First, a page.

Let us bury no ledes: At some point on Tuesday night, we'll very likely see the 5,000th home run in Major League Baseball this season. If that strikes you as a lofty tally, that's with good reason. That's because it's a lofty tally. Shall we explore this matter further? Lo, we shall explore this matter further ...
5,000 home runs has happened before but not often.
Going into Tuesday night's packed slate, MLB hitters have combined for 4,979 home runs. So, yes, at this writing it's probably a matter of hours. As it turns out, we've reached this threshold before. Specifically, we've topped 5,000 homers in 11 seasons, all of which have been since 1998. Yes, it's a growth economy for homers and has been for some time. Probably by the time the West Coast games start on Tuesday night, we'll have added a 12th season to that list.
We're going to set a record this year.
So with more than a month left in the regular season, 2017 has already given us the 12th-highest homer total in MLB history. The current record? It's 5,693, set back in 2000. Since we've averaged roughly 1,000 home runs per month in 2017, the current pace would need to drop off in a big way in order for us not to break the record. Framed another way, there's a real shot that, for the first time ever, we'll see 6,000 home runs in a single season. And this isn't just a function of the number of games ...
We're seeing more home runs per game than ever before.
Yeah, this is the expansion era, and we've have 30 MLB teams since 1998. That, of course, lends itself to higher gross totals across the league. Even when you break it down to average outputs, though, this is the most homer-rich season ever. Here are the top-five seasons in MLB history when it comes to average home runs per game by a team ...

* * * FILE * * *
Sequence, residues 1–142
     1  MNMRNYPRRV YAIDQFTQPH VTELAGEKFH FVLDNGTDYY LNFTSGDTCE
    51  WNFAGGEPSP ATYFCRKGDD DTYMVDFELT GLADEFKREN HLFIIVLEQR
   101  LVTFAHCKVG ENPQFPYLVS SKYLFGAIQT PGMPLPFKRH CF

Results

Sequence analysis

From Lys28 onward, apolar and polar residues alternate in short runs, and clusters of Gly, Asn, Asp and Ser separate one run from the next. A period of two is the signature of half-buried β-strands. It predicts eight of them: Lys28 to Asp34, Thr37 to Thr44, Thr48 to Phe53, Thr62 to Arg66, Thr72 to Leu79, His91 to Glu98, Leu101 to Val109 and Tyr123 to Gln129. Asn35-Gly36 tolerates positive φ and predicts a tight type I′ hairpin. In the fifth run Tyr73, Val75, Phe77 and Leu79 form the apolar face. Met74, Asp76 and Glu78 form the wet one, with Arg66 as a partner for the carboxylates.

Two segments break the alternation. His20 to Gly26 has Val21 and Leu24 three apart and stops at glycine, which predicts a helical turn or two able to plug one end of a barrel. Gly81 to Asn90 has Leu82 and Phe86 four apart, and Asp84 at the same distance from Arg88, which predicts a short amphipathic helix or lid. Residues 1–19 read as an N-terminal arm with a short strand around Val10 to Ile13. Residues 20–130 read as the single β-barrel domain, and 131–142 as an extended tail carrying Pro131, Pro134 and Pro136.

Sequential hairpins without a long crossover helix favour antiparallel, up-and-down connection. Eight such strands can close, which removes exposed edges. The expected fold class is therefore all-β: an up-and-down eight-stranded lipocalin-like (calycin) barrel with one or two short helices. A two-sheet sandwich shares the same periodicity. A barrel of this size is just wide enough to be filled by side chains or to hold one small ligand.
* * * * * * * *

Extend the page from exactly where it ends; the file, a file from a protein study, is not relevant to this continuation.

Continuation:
|Year||Each team's home runs per game|
So 2017 isn't only setting the record, it's also setting the record by a wide margin. On average, a fan who attends an MLB game in 2017 sees more than 3.5 home runs. To state what should now be obvious, 2017 has been the best year ever for home runs, and it's not especially close. If paces hold -- and they've been stable for a while -- then, with more than 400 games left on the schedule, we should see almost 1,200 more home runs by the time the regular season ends. That'll pretty well blow away the current record noted above. Of course, it's even more significant than you think ...
Home runs as a percentage of runs scored are also higher than ever.
The home run boom of 2017 isn't just about a rising run-scoring tide lifting all boats. Overall, teams are scoring 4.66 runs per game this season, which ranks just 35th all-time since 1900. That's more run-scoring than we've seen in the average year across the sprawl of baseball history, but it's not really close to the top of the list. As already noted, though, 2017 has seen the most home runs on a rate basis ever.
For instance, over at Baseball Prospectus they track the percentage of a team's runs scored that result from home runs. (For reasons explained here, they call it the "Guillen Number.") Anyhow, if you eyeball the ten teams with highest Guillen Number of all-time -- i.e., the highest percentage of a team's runs that come via the homer -- then you'll find that teams from 2017 occupy five of the those top 10 spots.
You can of course see this on the individual level.
We know all about Giancarlo Stanton's power bestowals. At this writing, he's at 50 home runs, and we're not even to September yet. He's likely going to get to 60, and if he somehow maintains his scalding second-half pace then he could threaten Barry Bonds' single-season record of 73. As you know, it's not just a Stanton thing. To get an idea of how just pervasive the home run has become, consider this: In 2017, 206 hitters have hit 10 or more home runs. That's fourth all-time. The record belongs to the 2000 season, which gave 217 10-homer guys. Presently, we've got 58 hitters this season with between seven and nine home runs. It's very likely that a big chunk of those will get to 10, so we'll set another record in that regard. Interestingly, we'll almost certainly not going to set a record for the number of 20-, 30-, or 40-home run hitters. As such, what's going on in 2017 seems to be a matter of everyone hitter dingers, as opposed to just the upper-tier power hitters.
So if you like home runs, then please do enjoy the 5,000th home run of the season when it happens on Tuesday night. Then take uplift from the fact that you've got, oh, at least 1,000 more on the way before we get to the playoffs. This, people, is the Year of the Homer.